GENEALOGY-DNA-L ArchivesArchiver > GENEALOGY-DNA > 2005-12 > 1135451336
From: Michael Maddi <>
Subject: Re: [DNA] New R1b and its subclades Haplogroup Project Launched
Date: Sat, 24 Dec 2005 11:08:56 -0800 (PST)
I'm just a newbie myself, only having joined this list
in July and having been tested for 37 markers yDNA and
HVR1 and HVR2 mtDNA at FTDNA in October. At that time
I also joined and became co-administrator of the
Sicily project at FTDNA. So I don't have all the
experience that others have - but on the other hand I
don't have the baggage that might bring along.
First of all, from everything I know and have read on
this list, to me FTDNA is the best place to have a
project. I am using their website template and
fine-tuning it a bit, but I may move the website to
geocities or something like that in the future. Right
now what FTDNA provides for the website is quite
adequate. I do appreciate their quality customer
service. A couple of weeks ago, a potential member had
a problem in joining the project. With one e-mail to
FTDNA, it was resolved and he was a member the next
day. Another example of their responsiveness to admins
is the question of joining more than 2 projects. My
co-admin and I had an e-mail exchange with Bennett
Greenspan in October about the need to allow customers
to join more than 2 projects, e.g., a surname, a
geographical for the paternal line and a geographical
for the maternal line. Now we all see that FTDNA has
greatly expanded the number of projects a customer can
join, even more than we requested in October. Another
great advantage is having the ability to attract new
members who initially tested through National
Geographic's project - 7 of our 21 members were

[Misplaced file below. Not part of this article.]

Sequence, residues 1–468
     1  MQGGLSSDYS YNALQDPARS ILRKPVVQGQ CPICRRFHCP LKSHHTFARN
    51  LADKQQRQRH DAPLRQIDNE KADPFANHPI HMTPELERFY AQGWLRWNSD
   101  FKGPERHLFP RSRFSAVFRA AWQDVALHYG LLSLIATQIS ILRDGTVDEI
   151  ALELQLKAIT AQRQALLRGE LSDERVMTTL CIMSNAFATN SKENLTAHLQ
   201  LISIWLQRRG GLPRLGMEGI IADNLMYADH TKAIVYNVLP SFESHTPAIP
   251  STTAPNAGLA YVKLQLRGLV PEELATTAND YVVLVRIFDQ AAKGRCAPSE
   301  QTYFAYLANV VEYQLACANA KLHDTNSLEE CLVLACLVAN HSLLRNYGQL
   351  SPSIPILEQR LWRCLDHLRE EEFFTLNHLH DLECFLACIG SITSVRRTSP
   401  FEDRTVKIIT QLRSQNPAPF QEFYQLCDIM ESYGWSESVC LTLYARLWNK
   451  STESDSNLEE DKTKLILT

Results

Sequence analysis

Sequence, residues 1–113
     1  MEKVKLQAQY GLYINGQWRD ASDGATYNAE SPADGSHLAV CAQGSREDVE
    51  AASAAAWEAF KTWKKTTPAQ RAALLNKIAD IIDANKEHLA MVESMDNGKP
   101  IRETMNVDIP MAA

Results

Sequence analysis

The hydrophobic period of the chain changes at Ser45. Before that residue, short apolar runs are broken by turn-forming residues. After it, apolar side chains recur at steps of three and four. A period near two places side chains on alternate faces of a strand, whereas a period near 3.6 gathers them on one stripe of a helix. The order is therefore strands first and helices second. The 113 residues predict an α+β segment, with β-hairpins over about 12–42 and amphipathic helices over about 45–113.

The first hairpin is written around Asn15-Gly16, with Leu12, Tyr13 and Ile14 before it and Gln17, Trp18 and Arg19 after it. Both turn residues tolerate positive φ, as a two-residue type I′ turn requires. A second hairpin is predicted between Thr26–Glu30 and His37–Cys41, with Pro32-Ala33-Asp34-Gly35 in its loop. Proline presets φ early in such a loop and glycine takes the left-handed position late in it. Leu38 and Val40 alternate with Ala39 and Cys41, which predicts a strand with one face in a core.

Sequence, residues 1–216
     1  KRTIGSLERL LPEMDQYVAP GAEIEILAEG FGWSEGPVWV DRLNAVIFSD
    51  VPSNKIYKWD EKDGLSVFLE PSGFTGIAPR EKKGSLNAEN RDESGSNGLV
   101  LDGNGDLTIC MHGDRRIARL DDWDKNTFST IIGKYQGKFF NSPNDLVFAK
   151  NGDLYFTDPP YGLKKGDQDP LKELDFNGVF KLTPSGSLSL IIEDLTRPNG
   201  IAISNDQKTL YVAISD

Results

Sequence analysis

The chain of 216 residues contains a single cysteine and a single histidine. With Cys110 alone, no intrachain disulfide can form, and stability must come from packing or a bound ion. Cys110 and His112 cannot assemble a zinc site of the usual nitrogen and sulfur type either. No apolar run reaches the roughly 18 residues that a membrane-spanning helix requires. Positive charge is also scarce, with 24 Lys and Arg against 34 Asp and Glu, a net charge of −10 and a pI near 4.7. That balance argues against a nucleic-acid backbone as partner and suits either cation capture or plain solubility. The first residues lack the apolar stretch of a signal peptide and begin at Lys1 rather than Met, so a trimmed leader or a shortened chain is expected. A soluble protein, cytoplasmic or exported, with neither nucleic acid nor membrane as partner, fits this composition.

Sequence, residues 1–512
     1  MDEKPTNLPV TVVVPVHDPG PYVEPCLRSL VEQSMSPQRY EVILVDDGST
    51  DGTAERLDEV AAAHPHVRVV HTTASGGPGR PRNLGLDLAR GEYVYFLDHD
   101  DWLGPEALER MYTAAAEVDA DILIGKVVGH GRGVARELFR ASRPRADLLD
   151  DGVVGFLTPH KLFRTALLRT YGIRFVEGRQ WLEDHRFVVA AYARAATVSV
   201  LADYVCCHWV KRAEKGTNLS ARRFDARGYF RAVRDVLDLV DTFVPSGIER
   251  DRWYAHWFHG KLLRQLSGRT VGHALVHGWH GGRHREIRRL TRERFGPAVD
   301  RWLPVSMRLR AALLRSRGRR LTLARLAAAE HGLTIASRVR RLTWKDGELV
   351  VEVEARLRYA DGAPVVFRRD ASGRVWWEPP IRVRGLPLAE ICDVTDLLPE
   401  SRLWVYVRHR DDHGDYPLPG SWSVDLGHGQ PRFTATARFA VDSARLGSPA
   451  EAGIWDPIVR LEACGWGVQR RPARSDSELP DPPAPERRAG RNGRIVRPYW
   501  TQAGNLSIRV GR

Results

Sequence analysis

initially from that project.
Now, as to SNP testing, it's no secret that FTDNA has
had serious problems with turnaround time. The
turnaround time for their YSTR testing has
significantly improved recently. I'm not so sure that
that's the case with their SNP testing. Time will
tell. This is the reason I had the multiplex test at
EA. I was predicted R1b by FTDNA but had no close
matches in their database, so I was skeptical of that
prediction and wanted an SNP test. The multiplex at EA
gave me just what I was looking for. It also confirmed
that I'm R1b1c. I am awaiting S21 and M160 test
results from EA. It's clear that if you're sure that
your haplogroup is R1b, EA is the place for a SNP test
because of all the groundbreaking work they're doing
there. If you're not R1b and already have your YSTR
testing at FTDNA, their new SNP testing options are
attractive. The only question I have is whether they
have devoted enough resources to improve their
turnaround time significantly. One of our members just
ordered the SNP test for the J haplogroup. I will be
watching closely to see how soon he gets his results.
So the bottom line is this. Maybe FTDNA is not Bob
Stafford's cup of tea, but for most people who want to
start a project, it's the best place to go. If you
want to talk about SNP tests, it's not so clear that
FTDNA can effectively offer the range of services of
EA and other companies, although that may be changing.
I hope that is changing because the more companies